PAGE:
The Romanesque west front of St-Trophime in Arles provides song perches for Black Redstarts and nesting niches for Common Swifts. Photo: Rick Wright
Mediterranean France is justly famous for the diversity of its birdlife and for the richness of its 2,000-year-old culture. This relaxed tour, based at a single comfortable hotel in Arles, gives participants the opportunity to enjoy both, with a Mediterranean avifauna complementing artistic and architectural treasures from the Roman, medieval, and modern periods. On some days, birding will predominate, while others will be devoted primarily to historical sites, but most of our time will feature a balance between birds and culture. Late morning starts (between 8:00 and 9:00), leisurely meals, and plenty of time built in for shopping, strolling, or enjoying the sights ensure a more relaxed pace than is typical of many birding tours, and the food, the wine, and the varied landscapes of Provence combine to make this an especially appealing European sojourn for birders and non-birders alike.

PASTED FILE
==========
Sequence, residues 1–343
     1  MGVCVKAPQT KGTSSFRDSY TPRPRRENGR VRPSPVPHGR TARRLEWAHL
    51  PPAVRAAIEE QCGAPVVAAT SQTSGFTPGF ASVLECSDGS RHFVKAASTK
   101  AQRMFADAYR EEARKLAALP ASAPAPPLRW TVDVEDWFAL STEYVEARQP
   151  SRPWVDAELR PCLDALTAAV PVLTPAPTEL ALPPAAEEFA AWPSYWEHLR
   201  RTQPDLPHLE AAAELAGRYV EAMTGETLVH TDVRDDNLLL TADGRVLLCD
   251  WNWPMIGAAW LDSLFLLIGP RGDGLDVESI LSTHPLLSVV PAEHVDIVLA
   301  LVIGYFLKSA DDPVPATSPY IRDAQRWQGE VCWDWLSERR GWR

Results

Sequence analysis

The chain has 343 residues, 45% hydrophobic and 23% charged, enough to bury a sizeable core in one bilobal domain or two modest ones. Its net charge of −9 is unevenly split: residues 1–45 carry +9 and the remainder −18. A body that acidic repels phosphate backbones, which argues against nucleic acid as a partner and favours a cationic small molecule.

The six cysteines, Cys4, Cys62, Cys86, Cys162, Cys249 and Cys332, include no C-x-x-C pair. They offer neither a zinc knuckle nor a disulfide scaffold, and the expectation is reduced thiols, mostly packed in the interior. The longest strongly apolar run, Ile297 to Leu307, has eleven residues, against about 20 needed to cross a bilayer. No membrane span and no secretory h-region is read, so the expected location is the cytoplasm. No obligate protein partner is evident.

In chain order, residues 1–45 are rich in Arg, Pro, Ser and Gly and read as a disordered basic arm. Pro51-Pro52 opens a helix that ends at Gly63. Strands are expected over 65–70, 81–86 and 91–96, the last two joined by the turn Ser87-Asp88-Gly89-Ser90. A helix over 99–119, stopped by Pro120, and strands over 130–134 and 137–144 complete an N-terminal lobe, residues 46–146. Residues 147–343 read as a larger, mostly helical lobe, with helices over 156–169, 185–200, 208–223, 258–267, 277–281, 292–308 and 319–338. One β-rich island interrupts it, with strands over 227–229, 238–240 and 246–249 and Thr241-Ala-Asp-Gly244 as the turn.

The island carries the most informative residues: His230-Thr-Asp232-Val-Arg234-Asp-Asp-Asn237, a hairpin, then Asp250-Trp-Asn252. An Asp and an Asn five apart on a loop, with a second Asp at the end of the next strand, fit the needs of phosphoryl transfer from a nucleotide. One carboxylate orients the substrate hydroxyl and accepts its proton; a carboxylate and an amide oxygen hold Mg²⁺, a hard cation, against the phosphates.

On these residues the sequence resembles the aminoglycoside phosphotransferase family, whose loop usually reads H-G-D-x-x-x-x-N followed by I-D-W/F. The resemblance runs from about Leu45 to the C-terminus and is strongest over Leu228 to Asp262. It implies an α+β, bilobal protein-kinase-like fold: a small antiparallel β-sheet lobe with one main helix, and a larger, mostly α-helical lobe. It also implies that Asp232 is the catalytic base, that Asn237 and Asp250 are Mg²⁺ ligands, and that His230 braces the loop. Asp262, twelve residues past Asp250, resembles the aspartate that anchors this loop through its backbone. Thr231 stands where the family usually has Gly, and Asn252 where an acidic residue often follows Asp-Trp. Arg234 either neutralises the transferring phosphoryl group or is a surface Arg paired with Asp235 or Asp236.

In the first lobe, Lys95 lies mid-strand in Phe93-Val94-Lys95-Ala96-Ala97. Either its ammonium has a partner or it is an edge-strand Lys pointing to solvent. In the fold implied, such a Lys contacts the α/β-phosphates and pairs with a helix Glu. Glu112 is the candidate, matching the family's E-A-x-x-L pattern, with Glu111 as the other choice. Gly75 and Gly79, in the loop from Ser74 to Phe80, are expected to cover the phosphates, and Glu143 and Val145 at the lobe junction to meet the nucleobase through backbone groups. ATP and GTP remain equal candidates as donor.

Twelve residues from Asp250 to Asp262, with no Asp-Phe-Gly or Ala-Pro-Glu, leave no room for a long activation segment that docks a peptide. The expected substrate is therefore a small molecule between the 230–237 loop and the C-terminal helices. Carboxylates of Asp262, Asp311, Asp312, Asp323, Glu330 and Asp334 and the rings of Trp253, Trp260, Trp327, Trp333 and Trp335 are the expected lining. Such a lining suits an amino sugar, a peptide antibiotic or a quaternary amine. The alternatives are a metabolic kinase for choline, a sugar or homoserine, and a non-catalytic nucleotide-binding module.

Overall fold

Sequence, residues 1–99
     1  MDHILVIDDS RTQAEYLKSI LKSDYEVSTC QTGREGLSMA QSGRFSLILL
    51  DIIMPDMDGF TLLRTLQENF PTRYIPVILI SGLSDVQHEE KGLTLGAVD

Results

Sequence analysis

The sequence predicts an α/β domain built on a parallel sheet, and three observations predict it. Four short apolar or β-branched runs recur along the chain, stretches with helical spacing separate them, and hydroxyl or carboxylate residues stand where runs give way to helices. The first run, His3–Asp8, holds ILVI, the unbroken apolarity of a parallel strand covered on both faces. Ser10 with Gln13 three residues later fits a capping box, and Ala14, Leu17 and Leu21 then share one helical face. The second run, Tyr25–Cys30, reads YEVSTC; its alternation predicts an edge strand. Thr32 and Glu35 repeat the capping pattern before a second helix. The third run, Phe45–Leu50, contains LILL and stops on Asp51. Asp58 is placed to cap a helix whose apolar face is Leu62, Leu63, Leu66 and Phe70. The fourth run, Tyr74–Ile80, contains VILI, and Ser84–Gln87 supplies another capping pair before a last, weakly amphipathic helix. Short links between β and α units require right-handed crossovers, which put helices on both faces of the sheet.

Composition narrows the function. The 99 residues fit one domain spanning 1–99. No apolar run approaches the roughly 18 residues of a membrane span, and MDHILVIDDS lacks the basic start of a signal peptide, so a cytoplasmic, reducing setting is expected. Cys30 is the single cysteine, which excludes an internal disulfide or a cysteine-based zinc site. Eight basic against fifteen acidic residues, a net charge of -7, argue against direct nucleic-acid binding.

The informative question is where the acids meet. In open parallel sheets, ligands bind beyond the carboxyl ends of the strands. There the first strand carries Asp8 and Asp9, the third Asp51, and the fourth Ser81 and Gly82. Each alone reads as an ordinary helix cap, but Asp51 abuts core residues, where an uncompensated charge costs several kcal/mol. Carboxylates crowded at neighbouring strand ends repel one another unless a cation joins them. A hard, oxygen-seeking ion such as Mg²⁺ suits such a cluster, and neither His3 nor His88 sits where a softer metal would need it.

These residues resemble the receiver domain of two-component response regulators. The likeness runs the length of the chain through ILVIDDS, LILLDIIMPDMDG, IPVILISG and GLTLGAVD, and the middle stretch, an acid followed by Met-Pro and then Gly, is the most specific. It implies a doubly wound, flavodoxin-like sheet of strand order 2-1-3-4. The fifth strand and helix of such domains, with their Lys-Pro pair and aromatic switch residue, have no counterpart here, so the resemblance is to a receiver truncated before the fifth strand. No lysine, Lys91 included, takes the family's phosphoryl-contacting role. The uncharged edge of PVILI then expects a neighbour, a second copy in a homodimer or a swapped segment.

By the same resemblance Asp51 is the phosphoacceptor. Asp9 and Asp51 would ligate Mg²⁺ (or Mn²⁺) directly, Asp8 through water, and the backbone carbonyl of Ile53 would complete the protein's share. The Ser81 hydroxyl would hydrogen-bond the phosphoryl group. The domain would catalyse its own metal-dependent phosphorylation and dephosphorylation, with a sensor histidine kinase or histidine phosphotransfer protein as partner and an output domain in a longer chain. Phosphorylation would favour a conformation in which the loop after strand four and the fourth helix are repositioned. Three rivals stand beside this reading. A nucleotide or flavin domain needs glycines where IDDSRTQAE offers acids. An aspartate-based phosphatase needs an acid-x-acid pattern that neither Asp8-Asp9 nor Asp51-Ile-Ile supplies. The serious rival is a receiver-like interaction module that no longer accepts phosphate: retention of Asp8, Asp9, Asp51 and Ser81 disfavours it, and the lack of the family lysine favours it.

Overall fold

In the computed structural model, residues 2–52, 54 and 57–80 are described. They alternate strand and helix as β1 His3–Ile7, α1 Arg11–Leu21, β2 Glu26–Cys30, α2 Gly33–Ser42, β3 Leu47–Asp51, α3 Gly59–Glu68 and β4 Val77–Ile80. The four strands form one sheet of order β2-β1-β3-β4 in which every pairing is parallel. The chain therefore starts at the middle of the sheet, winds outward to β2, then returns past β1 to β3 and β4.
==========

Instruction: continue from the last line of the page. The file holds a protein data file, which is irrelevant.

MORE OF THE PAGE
Day 1: Our tour starts at 7:00 pm in Arles, with an orientation and introductory dinner at our comfortable, modern hotel, which will serve as the base for the entire tour.
Day 2: After breakfast we’ll make the short drive down the western branch of the Rhône River to the Petite Camargue, where we can hope for a variety of wading birds including Purple and Squacco Herons and Greater Flamingo; European Bee-eater and Roller are possible, as is Hoopoe. We’ll have lunch in St-Gilles-du-Gard, whose twelfth-century church preserves one of the most important monuments of Romanesque sculpture on the pilgrimage route to Compostela. After admiring the world-famous west façade, we’ll return to Arles and a short break before dinner.